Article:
Blender is a pretty quirky system that’s built out of panels. It takes a bit of getting used to, but what tool doesn’t. (Do you remember the first time you opened Photoshop?) Each panel has its own properties and abilities — the 3d viewer lets you look at your models, the timeline is for keyframing, the node editor lets make textures, etc. etc. etc. Any panel can become another panel at any time! This is crazy! As a web/ui designer I can’t get over that it’s built this way AND it works reasonably well! It’s pretty intimidating at first, but never fear! The ones mentioned above are the ones I use most frequently. The 3d viewer panel is where you do all your modeling, positioning and lighting. The node editor is where you build your materials. The right rail of the default interface is the properties panel. It holds all the properties of the thing you have selected (you can name the object here, check out its materials, add mesh effects(called modifiers) and much more. Occasionally, I’ll use the timeline, graph editor, and dope sheet for animating, easing and moving keyframes around. The rest of them, who knows what they are! Maybe I’ll use them someday.
Use a full keyboard
There’s a host of useful hotkeys hidden in the in the function rail and the num-pad of a fully-featured keyboard. Shortcuts are super useful in jumping quickly between features, tools, or views. Get a keyboard and learn a bunch of them. I’m stuck in the mud with a stupid laptop keyboard, you can laugh at me as you drive by on your fancy hotkeys.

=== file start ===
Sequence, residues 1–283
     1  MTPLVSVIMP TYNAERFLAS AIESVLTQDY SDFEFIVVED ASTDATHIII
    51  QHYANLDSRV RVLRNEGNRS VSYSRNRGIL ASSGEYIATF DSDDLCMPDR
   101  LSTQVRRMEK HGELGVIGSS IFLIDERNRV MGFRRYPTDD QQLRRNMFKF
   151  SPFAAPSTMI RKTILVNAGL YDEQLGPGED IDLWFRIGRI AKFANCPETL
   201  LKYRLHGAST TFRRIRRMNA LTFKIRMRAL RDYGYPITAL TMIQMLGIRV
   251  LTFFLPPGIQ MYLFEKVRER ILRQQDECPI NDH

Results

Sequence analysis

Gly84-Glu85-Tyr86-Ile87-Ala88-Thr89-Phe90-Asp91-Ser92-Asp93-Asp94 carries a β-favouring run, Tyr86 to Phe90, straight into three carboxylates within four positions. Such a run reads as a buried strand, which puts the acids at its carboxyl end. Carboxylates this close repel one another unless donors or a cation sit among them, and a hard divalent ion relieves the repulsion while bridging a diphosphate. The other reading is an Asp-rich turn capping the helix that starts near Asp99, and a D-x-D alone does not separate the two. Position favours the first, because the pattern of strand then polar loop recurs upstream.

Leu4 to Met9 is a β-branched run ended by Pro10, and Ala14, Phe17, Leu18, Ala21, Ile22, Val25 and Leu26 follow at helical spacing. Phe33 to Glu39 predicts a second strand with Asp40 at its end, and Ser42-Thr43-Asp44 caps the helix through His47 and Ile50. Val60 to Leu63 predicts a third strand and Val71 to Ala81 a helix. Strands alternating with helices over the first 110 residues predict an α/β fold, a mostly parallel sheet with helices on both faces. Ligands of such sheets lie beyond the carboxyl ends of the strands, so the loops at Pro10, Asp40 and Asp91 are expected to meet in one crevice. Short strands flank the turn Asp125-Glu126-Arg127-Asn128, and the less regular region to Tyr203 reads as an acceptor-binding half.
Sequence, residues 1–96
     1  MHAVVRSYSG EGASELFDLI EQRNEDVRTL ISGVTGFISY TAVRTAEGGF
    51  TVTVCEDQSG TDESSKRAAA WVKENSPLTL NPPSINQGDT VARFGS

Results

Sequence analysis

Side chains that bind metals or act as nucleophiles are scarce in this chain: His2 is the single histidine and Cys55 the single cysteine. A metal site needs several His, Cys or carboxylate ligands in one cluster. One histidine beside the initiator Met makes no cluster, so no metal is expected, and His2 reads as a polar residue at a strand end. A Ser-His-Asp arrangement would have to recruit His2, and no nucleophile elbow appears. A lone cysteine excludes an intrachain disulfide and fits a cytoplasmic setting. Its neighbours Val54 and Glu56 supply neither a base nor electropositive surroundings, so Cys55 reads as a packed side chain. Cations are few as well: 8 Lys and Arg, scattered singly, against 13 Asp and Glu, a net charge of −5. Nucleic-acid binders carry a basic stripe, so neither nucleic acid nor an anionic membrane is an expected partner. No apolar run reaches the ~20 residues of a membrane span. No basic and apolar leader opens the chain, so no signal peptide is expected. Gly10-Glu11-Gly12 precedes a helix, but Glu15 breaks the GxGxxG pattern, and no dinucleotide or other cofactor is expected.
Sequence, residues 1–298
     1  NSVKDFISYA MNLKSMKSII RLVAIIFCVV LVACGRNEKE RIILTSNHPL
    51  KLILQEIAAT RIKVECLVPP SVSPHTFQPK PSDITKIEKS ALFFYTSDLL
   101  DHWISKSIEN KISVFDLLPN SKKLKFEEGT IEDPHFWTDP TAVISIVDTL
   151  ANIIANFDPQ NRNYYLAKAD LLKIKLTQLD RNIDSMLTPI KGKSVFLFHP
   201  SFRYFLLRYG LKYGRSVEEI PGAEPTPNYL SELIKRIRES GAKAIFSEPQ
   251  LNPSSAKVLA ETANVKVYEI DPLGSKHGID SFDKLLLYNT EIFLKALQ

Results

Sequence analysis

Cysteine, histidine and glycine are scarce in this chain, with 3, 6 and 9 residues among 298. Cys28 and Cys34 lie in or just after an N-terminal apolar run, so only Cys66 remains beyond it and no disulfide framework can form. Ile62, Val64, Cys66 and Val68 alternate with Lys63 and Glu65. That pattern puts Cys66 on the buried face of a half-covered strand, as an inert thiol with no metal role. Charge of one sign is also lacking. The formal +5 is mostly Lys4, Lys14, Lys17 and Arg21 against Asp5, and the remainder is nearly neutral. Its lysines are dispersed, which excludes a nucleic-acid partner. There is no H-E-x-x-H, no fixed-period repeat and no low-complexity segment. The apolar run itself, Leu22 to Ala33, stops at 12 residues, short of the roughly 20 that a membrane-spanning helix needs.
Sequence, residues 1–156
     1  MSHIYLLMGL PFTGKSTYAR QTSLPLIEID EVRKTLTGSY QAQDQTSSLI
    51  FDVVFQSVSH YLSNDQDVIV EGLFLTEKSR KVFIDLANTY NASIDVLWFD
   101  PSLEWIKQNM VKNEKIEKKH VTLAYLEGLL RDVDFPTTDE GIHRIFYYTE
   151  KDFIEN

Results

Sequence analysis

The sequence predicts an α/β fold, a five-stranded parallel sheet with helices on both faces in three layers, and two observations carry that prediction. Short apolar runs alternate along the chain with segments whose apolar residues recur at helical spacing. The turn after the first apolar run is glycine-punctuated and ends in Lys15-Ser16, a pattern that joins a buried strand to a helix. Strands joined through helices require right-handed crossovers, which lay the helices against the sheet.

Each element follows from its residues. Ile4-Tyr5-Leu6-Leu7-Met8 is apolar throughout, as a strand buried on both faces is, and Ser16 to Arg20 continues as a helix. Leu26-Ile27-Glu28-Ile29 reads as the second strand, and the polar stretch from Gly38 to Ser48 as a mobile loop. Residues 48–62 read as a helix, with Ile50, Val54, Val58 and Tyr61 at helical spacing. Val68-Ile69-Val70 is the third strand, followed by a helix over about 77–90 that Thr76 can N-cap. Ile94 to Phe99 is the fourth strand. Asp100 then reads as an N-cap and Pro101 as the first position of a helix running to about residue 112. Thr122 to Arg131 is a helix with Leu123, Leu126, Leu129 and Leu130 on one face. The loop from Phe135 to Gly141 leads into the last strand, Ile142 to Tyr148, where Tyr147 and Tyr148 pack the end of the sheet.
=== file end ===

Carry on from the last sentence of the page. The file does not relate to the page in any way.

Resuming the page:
As a dummy who sucks a modeling, one of the ways my brain can wrap it’s head around building things is through adding and subtracting shapes. They call this operation a boolean in 3d software (it’s some kinda of algebraic-math term. Again, it’s really fun to me to learn about all this math under the hood that allows us to make really weird stuff). The bool tool is my hero! Check it out:
I use it to cut holes in stuff, or merge weird shapes together. It reminds merging and trimming paths in Illustrator.
Lighting is (kinda) just like real life